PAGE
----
Net Zero APPG says there needs to be a Carbon Takeback Obligation on sectors like airlines, to permanently remove CO2
A cross party group of MPs has called on the government to ‘scale-up’ its efforts to reach net zero, by implementing its ten point action plan.
The Net Zero All-Party Parliamentary Group (NZ APPG) welcomed Chancellor Rishi Sunak’s Summer Statement, which included a Green Homes Grant, but said that it was clear that to get the UK on track to reach net zero by 2050, more needed to be done.
“We know there is no longer any trade-off between what is good for our economy and what is good for our climate,” Alex Sobel MP, chair of the NZ APPG, wrote in a letter to the Chancellor today (21 July).
“Given the enormity of the COVID-19 pandemic and the net zero challenge the government must implement an immediate, more expansive and ambitious green recovery package to accelerate economic growth, create jobs and reduce emissions.”
The NZ APPG has set out an action plan made up of ten points, the most expansive of which concerns a green recovery. This should include a focus on green-job creation, prioritisation of energy efficiency and decarbonised heat and maximising local impact.
Additionally, green infrastructure and technology development should be incentivised through both strategic seed investments and ensuring regulatory environments prioritise areas such as electric vehicle (EV) charging, renewable and low carbon energy and energy storage, amongst others.
Beyond recovery recommendations, the action plan calls on Sunak to establish a clear and systematic Net Zero Roadmap, complete with interim targets and robust implementation, review and governance arrangements.
Flexibility should be increased to allow for more renewable energy generation to come onto the system, by enhancing electricity demand response tools and incentives for both consumers and industry.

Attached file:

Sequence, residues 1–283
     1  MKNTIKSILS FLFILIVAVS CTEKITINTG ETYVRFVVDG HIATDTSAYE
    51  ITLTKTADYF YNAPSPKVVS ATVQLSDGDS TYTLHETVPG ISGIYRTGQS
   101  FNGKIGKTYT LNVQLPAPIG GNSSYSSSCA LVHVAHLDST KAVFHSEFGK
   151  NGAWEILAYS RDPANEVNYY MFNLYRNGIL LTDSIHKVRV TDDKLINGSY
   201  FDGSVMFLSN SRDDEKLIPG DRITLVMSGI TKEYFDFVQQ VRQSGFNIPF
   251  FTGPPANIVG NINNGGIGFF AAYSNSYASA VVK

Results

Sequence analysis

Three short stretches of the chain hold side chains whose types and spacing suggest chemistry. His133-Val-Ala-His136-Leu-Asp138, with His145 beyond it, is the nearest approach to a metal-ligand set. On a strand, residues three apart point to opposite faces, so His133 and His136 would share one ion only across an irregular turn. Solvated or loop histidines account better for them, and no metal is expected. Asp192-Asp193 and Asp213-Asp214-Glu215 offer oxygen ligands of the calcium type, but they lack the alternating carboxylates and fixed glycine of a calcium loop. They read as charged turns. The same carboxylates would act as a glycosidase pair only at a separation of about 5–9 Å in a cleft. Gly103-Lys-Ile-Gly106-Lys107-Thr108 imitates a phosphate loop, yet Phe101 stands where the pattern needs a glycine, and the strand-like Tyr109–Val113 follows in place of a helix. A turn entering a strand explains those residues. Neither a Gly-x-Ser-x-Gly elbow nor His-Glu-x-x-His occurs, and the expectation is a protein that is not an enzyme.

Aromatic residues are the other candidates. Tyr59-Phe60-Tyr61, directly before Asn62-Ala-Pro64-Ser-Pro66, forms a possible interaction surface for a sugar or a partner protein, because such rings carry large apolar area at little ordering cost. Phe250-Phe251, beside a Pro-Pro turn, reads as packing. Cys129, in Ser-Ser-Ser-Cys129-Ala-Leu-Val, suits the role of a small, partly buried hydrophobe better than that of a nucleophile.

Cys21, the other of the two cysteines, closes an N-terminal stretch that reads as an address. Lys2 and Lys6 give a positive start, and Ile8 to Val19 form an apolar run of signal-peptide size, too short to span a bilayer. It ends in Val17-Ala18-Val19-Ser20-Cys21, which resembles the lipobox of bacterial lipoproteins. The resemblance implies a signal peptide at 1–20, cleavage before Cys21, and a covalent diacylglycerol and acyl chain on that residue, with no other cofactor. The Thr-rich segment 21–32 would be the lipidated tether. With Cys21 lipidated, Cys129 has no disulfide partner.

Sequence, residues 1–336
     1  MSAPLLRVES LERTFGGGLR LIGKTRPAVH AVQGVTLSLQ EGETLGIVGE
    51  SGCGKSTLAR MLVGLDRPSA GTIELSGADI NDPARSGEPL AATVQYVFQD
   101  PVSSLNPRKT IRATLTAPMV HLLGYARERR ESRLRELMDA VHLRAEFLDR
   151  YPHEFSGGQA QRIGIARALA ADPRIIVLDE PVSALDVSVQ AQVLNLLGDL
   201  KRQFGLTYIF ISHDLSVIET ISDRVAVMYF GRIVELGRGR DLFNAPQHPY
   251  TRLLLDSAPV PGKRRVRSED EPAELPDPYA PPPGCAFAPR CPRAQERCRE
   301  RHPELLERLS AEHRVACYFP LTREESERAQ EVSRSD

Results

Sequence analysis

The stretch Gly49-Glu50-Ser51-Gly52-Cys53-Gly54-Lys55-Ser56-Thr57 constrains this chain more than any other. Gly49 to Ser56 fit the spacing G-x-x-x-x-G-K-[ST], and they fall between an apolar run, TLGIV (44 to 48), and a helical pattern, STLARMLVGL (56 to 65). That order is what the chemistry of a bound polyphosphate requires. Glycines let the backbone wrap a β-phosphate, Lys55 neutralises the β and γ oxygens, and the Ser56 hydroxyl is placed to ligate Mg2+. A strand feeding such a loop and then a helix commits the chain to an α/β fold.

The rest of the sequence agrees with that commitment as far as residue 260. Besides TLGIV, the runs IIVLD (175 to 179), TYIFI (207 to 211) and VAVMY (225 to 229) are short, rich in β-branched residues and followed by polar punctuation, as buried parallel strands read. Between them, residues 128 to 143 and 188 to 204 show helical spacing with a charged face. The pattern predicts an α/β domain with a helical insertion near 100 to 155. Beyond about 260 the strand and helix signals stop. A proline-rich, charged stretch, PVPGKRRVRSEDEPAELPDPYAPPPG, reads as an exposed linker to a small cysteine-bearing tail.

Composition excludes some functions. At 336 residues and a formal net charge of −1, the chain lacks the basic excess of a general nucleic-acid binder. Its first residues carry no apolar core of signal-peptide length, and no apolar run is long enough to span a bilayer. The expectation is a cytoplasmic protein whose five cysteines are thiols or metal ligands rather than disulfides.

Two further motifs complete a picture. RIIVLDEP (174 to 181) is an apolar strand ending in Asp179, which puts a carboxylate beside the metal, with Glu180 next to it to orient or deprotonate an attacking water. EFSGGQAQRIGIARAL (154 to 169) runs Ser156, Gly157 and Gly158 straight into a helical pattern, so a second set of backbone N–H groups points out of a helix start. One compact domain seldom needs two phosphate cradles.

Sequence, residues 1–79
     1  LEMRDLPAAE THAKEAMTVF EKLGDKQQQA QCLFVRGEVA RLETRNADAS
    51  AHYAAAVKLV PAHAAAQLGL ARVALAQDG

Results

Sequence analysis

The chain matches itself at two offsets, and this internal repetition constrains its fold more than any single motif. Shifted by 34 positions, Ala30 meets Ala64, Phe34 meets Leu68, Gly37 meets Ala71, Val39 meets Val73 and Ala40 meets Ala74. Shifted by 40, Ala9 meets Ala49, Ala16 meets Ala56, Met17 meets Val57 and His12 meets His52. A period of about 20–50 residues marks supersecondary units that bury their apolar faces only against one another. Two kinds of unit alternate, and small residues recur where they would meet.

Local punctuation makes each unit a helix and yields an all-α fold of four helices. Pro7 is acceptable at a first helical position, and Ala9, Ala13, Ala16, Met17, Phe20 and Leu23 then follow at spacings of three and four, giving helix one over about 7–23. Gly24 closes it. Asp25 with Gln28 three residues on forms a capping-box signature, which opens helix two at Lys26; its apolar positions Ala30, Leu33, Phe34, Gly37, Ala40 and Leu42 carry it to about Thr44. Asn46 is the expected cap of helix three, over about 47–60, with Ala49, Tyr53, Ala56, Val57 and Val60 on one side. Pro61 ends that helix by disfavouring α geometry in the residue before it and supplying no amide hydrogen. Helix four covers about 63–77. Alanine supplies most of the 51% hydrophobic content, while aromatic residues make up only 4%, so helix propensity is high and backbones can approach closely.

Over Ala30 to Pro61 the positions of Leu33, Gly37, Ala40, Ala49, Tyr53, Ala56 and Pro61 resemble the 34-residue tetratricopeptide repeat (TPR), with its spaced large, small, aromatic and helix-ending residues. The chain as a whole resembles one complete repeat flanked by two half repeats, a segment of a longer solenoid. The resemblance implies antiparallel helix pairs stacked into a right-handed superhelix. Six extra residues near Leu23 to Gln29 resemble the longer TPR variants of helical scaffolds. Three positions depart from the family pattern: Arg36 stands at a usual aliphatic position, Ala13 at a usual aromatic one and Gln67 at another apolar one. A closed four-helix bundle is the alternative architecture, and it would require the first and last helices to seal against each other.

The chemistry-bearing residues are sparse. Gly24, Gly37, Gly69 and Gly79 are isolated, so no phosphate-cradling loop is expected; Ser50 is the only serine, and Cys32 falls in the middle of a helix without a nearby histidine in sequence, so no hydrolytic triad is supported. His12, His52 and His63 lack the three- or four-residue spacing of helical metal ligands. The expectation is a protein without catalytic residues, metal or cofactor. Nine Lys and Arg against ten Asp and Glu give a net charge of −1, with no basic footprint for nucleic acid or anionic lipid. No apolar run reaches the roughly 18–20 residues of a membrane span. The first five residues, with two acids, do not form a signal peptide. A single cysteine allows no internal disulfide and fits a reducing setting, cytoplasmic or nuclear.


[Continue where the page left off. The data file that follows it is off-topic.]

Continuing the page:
The government should bring forward the ban on the sale of new internal combustion engine (ICE) vehicles to 2032 the letter continues, and set interim EV sales targets. There are increasing calls to bring forward the ban, with the UK Electric Fleets Coalition calling on the government to bring the ban forward to 2030 last week.
The letter also calls for a ‘Carbon Takeback Obligation’ for fossil fuel extractors and importers that would see them required to permanently store an increasing percentage of the CO2 generated by the products they sell.
Nature-based emissions reductions should be incentivised, a cross-departmental review of building standards should be launched and a major communications and awareness campaign should be embarked on to build support for a green recovery and galvanise action.
“The time to act on our recommendations is now,” the letter finishes. “Our Net Zero Action Plan provides the foundations for a Net Zero Roadmap to give business, industry and the community clarity on how it will achieve net zero and boost the economy.”
The NZ APPG’s recommendations echo those made by a number of companies and groups recently, including the UK100 group of local leaders who have called on the government to establish a Net Zero Development Bank to help drive the country towards net zero and ‘build back better’.
The Aldersgate Group set out a four point action plan for the government in its recent Rebuild to Last report, asking it to commit to low carbon stimulus to ‘deliver lasting and positive change’ in the wake of COVID. Whilst SSE and ScottishPower have both produced action plans, highlighting the need for electrification of transport and the creation of green jobs in particular.
This is the 10 Point Action Plan
“8. Establish a ‘Carbon Takeback Obligation’ for fossil fuel extractors and importers, and airlines, requiring them to permanently store an increasing percentage of the CO2 generated by the products they sell, rising to 100% (net zero emissions) by 2050. Shifting leadership to industry will bolster existing UK plans for permanent storage of residual CO2 emissions by increasing investment, accelerating innovation, lowering costs, and assigning responsibility more equitably;”